The comptroller also explained that she plans to be a visible figure in Springfield, criticizing Rauner for attempting to include elements of his turnaround agenda, like term limits and workers' compensation, in budget negotiations. During Monday’s news conference, she explained that it’s a “new day in the comptroller’s office.”

“I’ve gotta tell you that I really am very hopeful and I’m optimistic that things will get better in the state of Illinois,” Mendoza said. “We’re going to get out of this and we're going to do it together and Illinois will see brighter days ahead.”

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<![CDATA[President-Elect Trump Called Mayor Emanuel: Report]]> Mon, 05 Dec 2016 13:00:02 -0600 http://media.nbcchicago.com/images/213*120/donald-trump-rahm-emanuel.jpg

President-elect Donald Trump called Chicago Mayor Rahm Emanuel to discuss the ongoing presidential transition process, Politico reported Monday.

According to the report, Trump asked Emanuel about what lessons he learned working on past transition teams. Emanuel served as a senior advisor to former President Bill Clinton and later as President Barack Obama's chief of staff. According to the Politico source, the conversation was “cordial” and the two leaders plan to continue talking in the future.

Throughout the course of Trump’s campaign, Emanuel publicly criticized the Republican’s incendiary rhetoric about the city’s violence. Last month, the Chicago City Council voted to remove a street sign honoring Trump’s downtown skyscraper as a response to Trump’s rhetoric.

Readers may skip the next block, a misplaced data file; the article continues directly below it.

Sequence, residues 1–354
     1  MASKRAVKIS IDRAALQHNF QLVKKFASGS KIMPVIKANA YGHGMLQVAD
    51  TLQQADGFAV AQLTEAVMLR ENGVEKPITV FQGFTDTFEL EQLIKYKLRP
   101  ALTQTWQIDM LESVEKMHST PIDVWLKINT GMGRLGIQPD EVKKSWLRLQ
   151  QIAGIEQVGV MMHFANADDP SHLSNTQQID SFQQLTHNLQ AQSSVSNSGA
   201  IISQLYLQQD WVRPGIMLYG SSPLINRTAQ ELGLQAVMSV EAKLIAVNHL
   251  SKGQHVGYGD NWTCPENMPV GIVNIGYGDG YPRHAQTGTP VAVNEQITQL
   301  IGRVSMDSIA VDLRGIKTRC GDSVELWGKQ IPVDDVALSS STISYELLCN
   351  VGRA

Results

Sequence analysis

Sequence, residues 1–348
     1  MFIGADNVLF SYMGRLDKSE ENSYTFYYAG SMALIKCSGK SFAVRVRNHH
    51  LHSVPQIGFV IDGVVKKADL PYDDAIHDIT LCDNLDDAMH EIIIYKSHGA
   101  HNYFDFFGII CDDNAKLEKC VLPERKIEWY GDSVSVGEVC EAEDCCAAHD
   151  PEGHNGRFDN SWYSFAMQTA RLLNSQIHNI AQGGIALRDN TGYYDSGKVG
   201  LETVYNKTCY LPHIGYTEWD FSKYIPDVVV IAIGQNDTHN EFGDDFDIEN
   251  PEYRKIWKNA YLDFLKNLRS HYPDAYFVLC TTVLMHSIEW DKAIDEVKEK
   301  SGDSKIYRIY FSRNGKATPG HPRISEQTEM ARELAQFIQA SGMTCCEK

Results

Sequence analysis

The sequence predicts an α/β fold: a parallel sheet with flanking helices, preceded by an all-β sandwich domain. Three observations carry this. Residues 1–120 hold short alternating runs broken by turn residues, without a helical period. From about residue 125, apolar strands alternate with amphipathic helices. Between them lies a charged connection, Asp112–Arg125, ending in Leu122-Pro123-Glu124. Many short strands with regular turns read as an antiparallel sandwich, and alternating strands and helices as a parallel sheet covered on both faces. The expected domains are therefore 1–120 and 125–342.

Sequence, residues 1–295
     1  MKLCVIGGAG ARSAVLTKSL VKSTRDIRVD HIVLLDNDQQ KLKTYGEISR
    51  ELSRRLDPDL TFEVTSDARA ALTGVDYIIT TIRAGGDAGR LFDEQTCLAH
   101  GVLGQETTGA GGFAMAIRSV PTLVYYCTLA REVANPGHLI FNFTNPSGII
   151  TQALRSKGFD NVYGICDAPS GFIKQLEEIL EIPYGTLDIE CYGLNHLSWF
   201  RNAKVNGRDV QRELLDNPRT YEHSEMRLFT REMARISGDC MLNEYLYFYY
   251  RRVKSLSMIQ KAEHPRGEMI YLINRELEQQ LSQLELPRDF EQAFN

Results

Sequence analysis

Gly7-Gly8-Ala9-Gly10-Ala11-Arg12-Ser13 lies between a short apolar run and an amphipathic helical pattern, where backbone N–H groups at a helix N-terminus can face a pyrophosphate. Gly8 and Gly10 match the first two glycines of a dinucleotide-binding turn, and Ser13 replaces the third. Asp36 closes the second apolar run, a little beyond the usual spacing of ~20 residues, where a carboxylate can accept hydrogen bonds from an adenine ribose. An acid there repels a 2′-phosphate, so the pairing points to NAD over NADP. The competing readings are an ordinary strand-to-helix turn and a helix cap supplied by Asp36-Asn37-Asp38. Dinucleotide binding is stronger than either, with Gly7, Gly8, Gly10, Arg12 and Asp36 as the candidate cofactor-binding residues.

Emanuel, who received a $50,000 campaign contribution from the real estate magnate in 2010, supported the measure. It's unclear whether Emanuel and Trump discussed Chicago's violence during the call, according to the report.

Nevertheless, the two reportedly discussed sanctuary cities like Chicago, which Trump has condemned. In their phone conversation, Emanuel reportedly told Trump that Chicago was a city of immigrants and "pledged that it is and always will be a sanctuary city." Emanuel recently helped set up a legal defense fund to help protect Chicago immigrants and refugees threatened with deportation.

Trump also met with Emanuel’s brother, Ari Emanuel, at his New Jersey golf course last month. During the meeting, Trump referred to Emanuel, who is the co-CEO of the powerful WME-IMG talent agency, as “the king of Hollywood.”

Ari Emanuel is reportedly not seeking a role in Trump’s administration, but attended the meeting to “discuss some concerns he had,” although details remain scarce. Following the meeting, Trump referred to him as a “great friend.”

Ari Emanuel represented Trump in some negotiations with NBC over his reality television show “The Celebrity Apprentice,” according to CNN. However, WME-IMG, which bought Trump’s ownership stake in the Miss Universe Pageant in 2015, said it no longer represents Trump.